Any foreigner from anywhere in the world can walk into a hotel casino and start gaming. They can fund an account through an electronic cross border transfer using the international banking system and they can receive winnings electronically through cross border transfers through the international banking system. Yet, folks like you and the so called National risk assessment folks would have us believe that the Gaming Board is credible and competent to mitigate the much higher inherent risks associated with these casinos but are not credible and competent to mitigate the much lower risk of domestic entities that can only open B$ banking accounts, require Central Bank approval for US$ transactions, can only open accounts for Domestic players, can only open accounts after a face to face meeting and can only pay customer B$ in a face to face physical transfer for winnings. Go figure!

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sheeprunner12 4 months ago

JUST CLOSE ALL OF THE NUMBERS HOUSES THIS YEAR ......... NUFF SAID!!!!!!!!!!

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OldFort2012 3 months, 4 weeks ago

Instead of thinking of creative solutions and trying to position ourselves at the vanguard of technology, we just talk bollocks on fori and write cretinous comments.

FFS, we are 400k people. Why do we need cash at all?

Simple solution: register every Bahamian individual in a national data bank. Cost: minimal. Give every individual an account with the CB. Abolish all cash.

That way I can transfer any amount of B$ to anyone else via smartphone. Give a simple terminal to all retailers. That way you can buy anything throughout the Bahamas without cash money with a simple swipe of your phone.

All problems solved. Instant costless transfer to anyone anywhere. No more VAT dodging by retailers. No more Immigration problems: as illegal Haitians could not register, they could not get paid. Who is going to work for nothing?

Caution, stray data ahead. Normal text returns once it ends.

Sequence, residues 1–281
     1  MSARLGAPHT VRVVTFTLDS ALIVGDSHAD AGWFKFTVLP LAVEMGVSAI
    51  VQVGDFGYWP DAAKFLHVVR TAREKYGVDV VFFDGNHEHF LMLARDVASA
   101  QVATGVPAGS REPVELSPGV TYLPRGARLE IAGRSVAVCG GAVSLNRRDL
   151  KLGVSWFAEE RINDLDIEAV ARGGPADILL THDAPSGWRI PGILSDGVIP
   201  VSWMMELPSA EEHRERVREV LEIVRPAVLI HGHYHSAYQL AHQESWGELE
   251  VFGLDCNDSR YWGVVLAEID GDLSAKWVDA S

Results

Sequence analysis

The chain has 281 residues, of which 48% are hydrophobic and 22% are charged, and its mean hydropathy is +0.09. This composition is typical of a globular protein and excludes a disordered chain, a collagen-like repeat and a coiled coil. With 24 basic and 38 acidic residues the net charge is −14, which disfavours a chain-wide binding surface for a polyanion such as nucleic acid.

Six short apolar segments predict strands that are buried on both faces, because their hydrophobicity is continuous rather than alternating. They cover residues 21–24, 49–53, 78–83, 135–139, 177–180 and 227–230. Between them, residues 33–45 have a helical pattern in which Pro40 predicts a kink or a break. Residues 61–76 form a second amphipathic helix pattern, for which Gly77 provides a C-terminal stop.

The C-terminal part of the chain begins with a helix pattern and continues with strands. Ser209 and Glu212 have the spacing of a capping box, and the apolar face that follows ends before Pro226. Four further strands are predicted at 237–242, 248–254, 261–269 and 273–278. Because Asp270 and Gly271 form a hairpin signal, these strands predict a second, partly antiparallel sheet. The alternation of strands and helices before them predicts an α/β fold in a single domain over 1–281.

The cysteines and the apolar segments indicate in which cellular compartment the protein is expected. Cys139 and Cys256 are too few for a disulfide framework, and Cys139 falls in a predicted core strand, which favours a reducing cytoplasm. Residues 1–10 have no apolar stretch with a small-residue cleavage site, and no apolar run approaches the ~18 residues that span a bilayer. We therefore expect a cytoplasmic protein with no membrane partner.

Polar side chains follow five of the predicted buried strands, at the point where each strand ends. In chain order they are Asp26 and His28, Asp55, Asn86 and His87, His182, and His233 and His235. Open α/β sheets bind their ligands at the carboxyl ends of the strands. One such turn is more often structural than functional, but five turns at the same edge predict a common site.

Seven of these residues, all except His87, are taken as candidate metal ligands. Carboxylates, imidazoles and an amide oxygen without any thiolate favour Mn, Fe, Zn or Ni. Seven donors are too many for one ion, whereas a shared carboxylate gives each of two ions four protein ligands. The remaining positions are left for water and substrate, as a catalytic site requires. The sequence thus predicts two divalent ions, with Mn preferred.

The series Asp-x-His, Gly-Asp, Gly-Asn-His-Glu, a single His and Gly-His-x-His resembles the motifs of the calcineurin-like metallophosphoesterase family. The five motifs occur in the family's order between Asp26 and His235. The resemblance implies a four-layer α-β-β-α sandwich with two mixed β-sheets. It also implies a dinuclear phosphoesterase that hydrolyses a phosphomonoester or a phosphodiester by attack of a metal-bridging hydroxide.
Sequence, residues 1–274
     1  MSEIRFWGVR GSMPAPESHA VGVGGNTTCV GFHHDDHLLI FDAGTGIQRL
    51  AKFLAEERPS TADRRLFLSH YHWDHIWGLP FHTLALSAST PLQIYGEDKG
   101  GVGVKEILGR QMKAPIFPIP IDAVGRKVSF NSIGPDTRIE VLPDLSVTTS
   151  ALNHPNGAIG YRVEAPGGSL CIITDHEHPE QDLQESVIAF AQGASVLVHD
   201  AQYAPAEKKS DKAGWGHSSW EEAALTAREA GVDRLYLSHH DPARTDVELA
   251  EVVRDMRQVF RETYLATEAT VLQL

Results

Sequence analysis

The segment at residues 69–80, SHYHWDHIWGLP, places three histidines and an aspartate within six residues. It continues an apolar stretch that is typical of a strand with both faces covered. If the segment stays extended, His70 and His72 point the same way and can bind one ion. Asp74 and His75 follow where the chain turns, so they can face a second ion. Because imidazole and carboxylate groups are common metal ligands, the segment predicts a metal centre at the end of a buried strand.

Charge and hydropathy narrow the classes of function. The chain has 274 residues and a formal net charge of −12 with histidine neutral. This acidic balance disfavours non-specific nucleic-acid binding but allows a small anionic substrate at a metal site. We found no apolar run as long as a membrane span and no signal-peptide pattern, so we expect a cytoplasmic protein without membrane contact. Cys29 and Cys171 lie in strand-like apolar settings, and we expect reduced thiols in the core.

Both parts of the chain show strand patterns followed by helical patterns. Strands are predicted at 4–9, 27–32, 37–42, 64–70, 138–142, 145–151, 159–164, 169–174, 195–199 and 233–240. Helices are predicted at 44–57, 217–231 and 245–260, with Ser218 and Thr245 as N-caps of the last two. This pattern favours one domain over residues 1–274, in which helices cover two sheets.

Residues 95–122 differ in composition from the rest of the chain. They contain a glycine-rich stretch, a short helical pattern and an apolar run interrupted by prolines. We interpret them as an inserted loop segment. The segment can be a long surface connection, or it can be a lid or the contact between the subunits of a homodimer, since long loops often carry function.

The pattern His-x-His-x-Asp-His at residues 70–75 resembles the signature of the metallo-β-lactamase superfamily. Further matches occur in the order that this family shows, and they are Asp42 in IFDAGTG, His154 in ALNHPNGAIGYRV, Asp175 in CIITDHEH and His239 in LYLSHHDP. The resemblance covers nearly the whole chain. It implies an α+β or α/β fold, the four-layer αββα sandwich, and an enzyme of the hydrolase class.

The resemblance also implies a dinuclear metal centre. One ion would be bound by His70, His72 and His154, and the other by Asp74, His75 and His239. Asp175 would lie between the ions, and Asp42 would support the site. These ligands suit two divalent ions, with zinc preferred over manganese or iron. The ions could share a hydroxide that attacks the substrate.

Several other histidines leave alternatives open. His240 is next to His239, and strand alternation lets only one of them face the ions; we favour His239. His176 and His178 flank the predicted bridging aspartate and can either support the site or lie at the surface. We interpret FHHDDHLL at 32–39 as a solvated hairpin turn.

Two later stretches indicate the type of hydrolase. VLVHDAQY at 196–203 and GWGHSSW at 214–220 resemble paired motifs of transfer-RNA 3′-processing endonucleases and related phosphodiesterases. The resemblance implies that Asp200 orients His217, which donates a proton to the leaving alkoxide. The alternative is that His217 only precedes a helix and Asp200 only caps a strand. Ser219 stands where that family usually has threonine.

Whole system would cost not even a few B$million. With added bonus of being able to tell leeches like RBC to go fuck themselves when they want to charge you B$50 to transfer some money to another B$ account.

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ohdrap4 3 months, 4 weeks ago

you forgot that someone is looking out to the money transfer businesses. there are at least two jamaican bill paying and money order businesses easily avaliable.

People scream bloody murder to pay 8.60 for a managers check but will pay multiple 3 dollars here and there for several transactions.

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JohnDoe 3 months, 4 weeks ago

The vanguards of yesteryear, the old monied merchant class who controls 95% of the deposits in RBC do not want to see that happen. All they want to do is continue to hoard money in their local and offshore accounts. They are not interested in investing in this country or being innovative. When less than 1% own greater than 95% of the wealth in a country and that 1% is not re-investing, then you have an economy that looks like ours where they control all of the major industries except domestic gaming. And they mad as hell about that. They are scared to death of competition, innovation and a buy side emancipation.

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Porcupine 3 months, 4 weeks ago

When your cell phone goes down, when your B$ are worth 25 cents on the U.S. dollar, when you piss someone off who controls your bank account, when you write an editorial that the powers that be deem subversive, then you will wish you had a few dollars in your pocket and some corn in the back yard. This is the plan you push for freedom? Leading yourself to the slaughterhouse?

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John 3 months, 4 weeks ago

One of the best things Perry Christie did was legalize and license the web shops. The same people who came here and threaten to blacklist the country for offshore banking stole all our customers and are now operating under less stringent conditions than they tried to impose on us...talk about racketeering

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sheeprunner12 3 months, 4 weeks ago

You may have a point .......... But why did Perry not give Flowers and Sebas their bank licenses???????

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Aegeaon 3 months, 4 weeks ago

(Sigh). What has this country gone to? The dogs?

You know what happened when this crap was legalized? Too many families became broke and even homeless, the intelligence of our people has gotten even worse, money laundering is still laundering and extortion. The PLP made it worse for investors thanks to the Bahama/Panama Papers leak, and with these webshops, and that previous government stole money from the US and kept it to themselves or on the webshop kingpins instead of using the money properly for social development. No matter what it is, it's still our fault.